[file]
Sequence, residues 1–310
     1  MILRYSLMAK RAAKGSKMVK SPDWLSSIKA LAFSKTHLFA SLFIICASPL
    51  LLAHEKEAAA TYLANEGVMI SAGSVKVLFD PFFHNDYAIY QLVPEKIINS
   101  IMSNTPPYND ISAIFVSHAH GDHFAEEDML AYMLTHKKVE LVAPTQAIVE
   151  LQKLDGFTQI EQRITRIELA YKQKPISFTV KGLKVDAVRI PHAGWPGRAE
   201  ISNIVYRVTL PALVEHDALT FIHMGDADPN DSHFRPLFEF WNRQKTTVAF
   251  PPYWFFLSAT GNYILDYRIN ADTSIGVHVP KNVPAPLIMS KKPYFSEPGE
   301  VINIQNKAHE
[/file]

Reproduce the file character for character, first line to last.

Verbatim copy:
Sequence, residues 1–310
     1  MILRYSLMAK RAAKGSKMVK SPDWLSSIKA LAFSKTHLFA SLFIICASPL
    51  LLAHEKEAAA TYLANEGVMI SAGSVKVLFD PFFHNDYAIY QLVPEKIINS
   101  IMSNTPPYND ISAIFVSHAH GDHFAEEDML AYMLTHKKVE LVAPTQAIVE
   151  LQKLDGFTQI EQRITRIELA YKQKPISFTV KGLKVDAVRI PHAGWPGRAE
   201  ISNIVYRVTL PALVEHDALT FIHMGDADPN DSHFRPLFEF WNRQKTTVAF
   251  PPYWFFLSAT GNYILDYRIN ADTSIGVHVP KNVPAPLIMS KKPYFSEPGE
   301  VINIQNKAHE